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Our organization is dedicated to helping people in our community break through the cycle of poverty and mental illness. This includes raising awareness about the experience of living with mental illness, to end the cycle of poverty for those that seek our services, and build bridges in our community for those who are lost. Discover how your help makes an impact.

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  • Clubhouse Accreditation
    Clubhouse Accreditation

    For Immediate Release    Media Contact
    Rachel Newell
    Director of Development 


    Wichita, Kan., June 12, 2019 – Breakthrough Clubhouse, a pre-vocational program of Breakthrough/Episcopal Social Services, received a three-year accreditation in May as an affiliate of the Clubhouse International, an organization that develops Clubhouses around the world.  The recognition is significant, as it points to a clear demonstration of a Clubhouse’s commitment to excellence.  Accreditation is awarded to Clubhouses that adhere to the International Standards for Clubhouse Programs, providing opportunities for Clubhouse members to find employment, go to school, build meaningful relationships and live healthy lifestyles. 

    The process is a rigorous one - both evaluative and consultative.  It includes a clubhouse self-study, site visit, dialogs regarding Clubhouse leadership and improvement opportunities, and a written report.  

    The accreditation process is conducted by members of the Clubhouse International faculty for Clubhouse Development.  The final report noted, “Members have a strong sense of pride and ownership in the  Clubhouse, there’s a strong culture of employment and an extremely active advocacy with the Kansas State Legislature which is resulting in solid support of Clubhouses in other parts of Kansas.”  David Kapten, Program Director for Breakthrough Clubhouse added, “This is an empowering program that supports self-directed recovery. Each member of the Clubhouse is needed and wanted.”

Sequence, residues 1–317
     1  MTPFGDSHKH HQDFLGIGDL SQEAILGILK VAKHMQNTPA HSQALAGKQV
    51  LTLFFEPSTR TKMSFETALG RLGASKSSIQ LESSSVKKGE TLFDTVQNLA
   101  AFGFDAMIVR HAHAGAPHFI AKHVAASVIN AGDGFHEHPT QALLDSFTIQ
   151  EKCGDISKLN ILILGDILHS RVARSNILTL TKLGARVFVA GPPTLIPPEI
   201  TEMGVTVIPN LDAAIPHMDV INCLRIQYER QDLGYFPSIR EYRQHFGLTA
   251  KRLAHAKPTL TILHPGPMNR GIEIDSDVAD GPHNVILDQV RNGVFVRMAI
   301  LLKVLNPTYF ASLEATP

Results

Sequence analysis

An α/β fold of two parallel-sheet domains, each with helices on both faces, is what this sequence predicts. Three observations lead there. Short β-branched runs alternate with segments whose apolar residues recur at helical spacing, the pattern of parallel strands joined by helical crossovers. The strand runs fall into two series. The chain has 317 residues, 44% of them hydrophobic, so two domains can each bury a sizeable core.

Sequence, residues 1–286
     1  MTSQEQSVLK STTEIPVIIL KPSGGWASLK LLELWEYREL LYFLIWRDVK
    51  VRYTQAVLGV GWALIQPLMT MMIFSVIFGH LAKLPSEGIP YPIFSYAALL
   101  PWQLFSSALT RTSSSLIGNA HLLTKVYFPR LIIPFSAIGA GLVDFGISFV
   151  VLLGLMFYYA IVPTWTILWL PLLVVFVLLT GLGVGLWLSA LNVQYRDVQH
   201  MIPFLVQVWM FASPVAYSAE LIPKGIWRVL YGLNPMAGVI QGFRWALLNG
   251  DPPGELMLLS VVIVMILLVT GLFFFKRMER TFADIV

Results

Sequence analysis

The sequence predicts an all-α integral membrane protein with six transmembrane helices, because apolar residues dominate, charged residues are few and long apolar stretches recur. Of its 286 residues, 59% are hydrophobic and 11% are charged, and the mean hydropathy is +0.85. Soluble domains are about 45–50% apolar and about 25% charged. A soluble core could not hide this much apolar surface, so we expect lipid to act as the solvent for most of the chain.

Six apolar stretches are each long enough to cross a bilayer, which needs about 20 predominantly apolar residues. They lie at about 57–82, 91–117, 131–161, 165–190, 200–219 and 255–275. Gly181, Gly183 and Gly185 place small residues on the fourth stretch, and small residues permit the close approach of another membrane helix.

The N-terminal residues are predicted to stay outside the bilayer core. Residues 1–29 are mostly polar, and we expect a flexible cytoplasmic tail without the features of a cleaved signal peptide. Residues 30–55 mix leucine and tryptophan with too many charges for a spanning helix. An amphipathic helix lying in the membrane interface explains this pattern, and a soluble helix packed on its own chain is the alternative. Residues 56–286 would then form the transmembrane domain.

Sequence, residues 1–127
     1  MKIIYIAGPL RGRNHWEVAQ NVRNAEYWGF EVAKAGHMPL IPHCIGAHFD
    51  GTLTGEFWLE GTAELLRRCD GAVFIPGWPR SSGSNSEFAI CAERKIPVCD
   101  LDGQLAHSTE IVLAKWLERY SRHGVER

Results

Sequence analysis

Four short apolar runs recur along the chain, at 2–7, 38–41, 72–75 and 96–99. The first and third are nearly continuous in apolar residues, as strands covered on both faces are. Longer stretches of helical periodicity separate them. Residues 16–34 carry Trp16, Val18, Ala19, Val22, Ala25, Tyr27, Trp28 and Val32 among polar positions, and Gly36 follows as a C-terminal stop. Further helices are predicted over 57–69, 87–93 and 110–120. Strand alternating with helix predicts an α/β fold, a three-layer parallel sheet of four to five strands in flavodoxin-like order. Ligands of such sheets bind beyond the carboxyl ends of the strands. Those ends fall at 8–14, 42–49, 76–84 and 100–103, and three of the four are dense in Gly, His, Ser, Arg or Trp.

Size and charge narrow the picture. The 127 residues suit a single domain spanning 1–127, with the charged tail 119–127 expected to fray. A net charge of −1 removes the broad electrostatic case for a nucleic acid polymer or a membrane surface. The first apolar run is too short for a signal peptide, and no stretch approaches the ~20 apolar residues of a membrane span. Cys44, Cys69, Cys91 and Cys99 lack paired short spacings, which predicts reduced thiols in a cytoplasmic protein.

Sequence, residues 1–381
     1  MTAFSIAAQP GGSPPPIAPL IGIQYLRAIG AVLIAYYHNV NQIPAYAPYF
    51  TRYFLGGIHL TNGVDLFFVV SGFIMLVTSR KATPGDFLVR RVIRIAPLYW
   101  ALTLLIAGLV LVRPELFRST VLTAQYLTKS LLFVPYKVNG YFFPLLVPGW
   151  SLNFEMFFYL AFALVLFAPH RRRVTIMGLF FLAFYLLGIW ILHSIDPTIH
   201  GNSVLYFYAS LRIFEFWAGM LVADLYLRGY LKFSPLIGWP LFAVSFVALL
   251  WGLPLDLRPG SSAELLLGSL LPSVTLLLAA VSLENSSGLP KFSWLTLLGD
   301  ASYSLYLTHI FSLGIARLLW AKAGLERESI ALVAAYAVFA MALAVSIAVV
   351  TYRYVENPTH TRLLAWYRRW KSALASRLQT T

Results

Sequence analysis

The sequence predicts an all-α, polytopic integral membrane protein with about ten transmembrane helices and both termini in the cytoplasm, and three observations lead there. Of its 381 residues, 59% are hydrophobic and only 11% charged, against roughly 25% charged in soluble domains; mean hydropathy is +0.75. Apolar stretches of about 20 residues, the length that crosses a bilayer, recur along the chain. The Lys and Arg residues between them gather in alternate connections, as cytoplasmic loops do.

Clubhouses are local community centers that provide members with opportunities to build long-term relationships that, in turn, support them in obtaining employment, education and housing, including:
    •    a work-ordered day in which the talents and abilities of members are recognized and utilized within the Clubhouse;
    •    participation in consensus-based decision making regarding all important matters relating to the running of the Clubhouse;
    •    Opportunities to obtain paid employment in the local labor market through a Clubhouse-created Transitional Employment Program. In addition, members participate in Clubhouse-supported and independent programs;
    •    assistance in accessing community-based educational resources;
    •    access to crisis intervention services when needed, and;
    •    Evening/weekend social and recreational events.

    About Breakthrough Clubhouse 
    The Clubhouse Model is a unique program serving 386 people with mental illness in 2018.  It’s one of four primary programs of Breakthrough/Episcopal Social Services. Breakthrough has been an accredited Clubhouse since 1997 and continues to be the only one in Kansas. Clubhouses are a powerful demonstration that people with mental illness can and do lead normal, productive lives.  


  • Mental Health Funding for certified Clubhouses as identified and funded by the Lottery Vending Machine legislation that became law in 2018.